I donned the daypack, attached two cameras to a Cotton Carrier harness, gripped the bamboo walking stick and tramped along the Anthony Lake shore behind Nora the Schnauzer.
She carried her pack with water and snacks.
A soft mid-day breeze that cooled my ruddy cheeks stirred riffles across the dark water.
Nora, illegally unbound by a leash, bounded ahead, turned the heads of four anglers who lifted lines and rods as she passed and paused briefly to pant at three dogs held back by a man gripping three leashes.
"She's in a hurry," I added.
Probably nine minutes later, we padded our feet on the well-trod early section of the loop trail around Gunsight Mountain.
As we synchronized our paces, a squad of young men and women, possibly forestry students on a field trip, marched past in single file.
Nora stood at the edge of the trail, wagging her stub of a tail and anticipating friendly words or ear rubs.
The squad passed, and Nora gazed wistfully after them.
"Not one offered even for a head pat," she sighed.
"Never mind," I muttered and rubbed her chin.
The trail soon angled upward, and Nora pranced on ahead.
She clearly enjoys trotting and sniffing in the woods.
When she sniffed around near a freshet, I paused to take a photo. A man and woman with an Australian shepherd approached from behind us.
Nora and Kaixo exchanged nosey introductions, and I talked briefly with John and Marlene Griffin, from Boise, about photography.
They passed on, planning to complete the scenic 8.2-mile loop, and we followed at our snail's pace.
A mile from Angell Pass, we stopped for snacks and water. Half-a-mile later, we met Kaixo and the Griffins again.
Wearing low-top shoes, they had turned back from the snow field below the pass.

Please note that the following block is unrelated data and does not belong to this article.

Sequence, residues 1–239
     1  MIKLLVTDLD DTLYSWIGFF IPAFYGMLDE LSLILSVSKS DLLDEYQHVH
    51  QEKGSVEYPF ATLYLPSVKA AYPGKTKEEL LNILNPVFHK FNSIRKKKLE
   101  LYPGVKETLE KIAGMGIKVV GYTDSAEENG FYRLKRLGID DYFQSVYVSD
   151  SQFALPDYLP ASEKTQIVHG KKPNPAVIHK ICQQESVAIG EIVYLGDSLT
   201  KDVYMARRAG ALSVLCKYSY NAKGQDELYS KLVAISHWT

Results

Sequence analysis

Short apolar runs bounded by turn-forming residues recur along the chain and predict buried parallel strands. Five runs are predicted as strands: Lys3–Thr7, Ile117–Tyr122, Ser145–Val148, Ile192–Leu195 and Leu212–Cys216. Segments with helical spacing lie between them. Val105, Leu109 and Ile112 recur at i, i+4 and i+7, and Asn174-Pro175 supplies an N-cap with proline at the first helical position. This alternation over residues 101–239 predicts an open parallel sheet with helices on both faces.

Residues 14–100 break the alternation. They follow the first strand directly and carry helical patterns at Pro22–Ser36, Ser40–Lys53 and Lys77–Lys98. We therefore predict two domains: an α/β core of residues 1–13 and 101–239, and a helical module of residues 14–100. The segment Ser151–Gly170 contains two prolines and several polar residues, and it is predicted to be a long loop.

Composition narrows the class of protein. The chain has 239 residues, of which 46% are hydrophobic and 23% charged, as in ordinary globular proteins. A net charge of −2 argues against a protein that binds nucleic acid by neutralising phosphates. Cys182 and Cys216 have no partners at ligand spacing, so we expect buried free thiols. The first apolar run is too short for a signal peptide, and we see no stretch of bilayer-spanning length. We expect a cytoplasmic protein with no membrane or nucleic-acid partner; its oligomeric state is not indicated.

I wore boots and gaiters, so we continued with frequent pauses to sniff the snow (Nora) and to suck in the stunning scenery that stretched across the valley to the Eagle Cap Mountains (me).
From the ridge above Dutch Flat, we began a four mile trek downhill. The trail offered scenic views, somewhat less-than-stunning, and we eventually confused the final section of it back to Anthony Lake.
We reached the top of a ski slope and stumbled (me) down it. We reached the lake at 6:39 p.m., tired and satisfied.
"Well, Nora," I said. "We had a great hike."
"Yep," she said.
After a few photos of the mountain, reflected in the lake, we boarded the wagon home.
If You Go
Google "Anthony Lakes Hikes" or check web.oregon.com/hiking/anthony_lake.cfm on the internet for a complete description of the Anthony Lake hikes: Drive Interstate 84 south of La Grande 24 miles to North Powder exit 285 and follow "Anthony Lakes" signs 21 paved miles west on what becomes Road 73.
For a day hike turn left at an Anthony Lake Campground sign. After 100 yards fork to the right toward a picnic area, and in another 100 yards park on the left at a lakeshore picnic gazebo. No parking fee is required, but dogs are allowed only on a leash. For the 8.2-mile trip around Gunsight Mountain, start from the picnic gazebo and walk .3 miles to the boat ramp, veer left toward Black Lake for .5 miles and then keep straight on the Elkhorn Crest Trail.
This well-graded path climbs 950 feet in 2.1 miles to a breathtaking view at Angell Pass. Continue downhill 0.6 mile to a junction in Dutch Flat Saddle, a good lunch stop. Briefly detour 100 feet left for a view of Dutch Flat Lake, a mile below.
Return to the saddle and take the Crawfish Basin Trail downhill. This path skirts above Crawfish Meadow before ending at a dirt road. Go straight along this road 0.4 mile to a pass with a 4-way junction. Look to the right at this pass to find an unmarked trail angling downhill. Take this path to cut off the service road's first switchback. At the road's second switchback, turn right on the Hoffer Lakes Trail for the prettiest route back to your car.
The 8.2-mile loop around Gunsight Mountain gains 1,330 feet of elevation from Anthony Lake at 7,140 feet. Note: For information about the camera harness, visit www.cottoncarrier.com .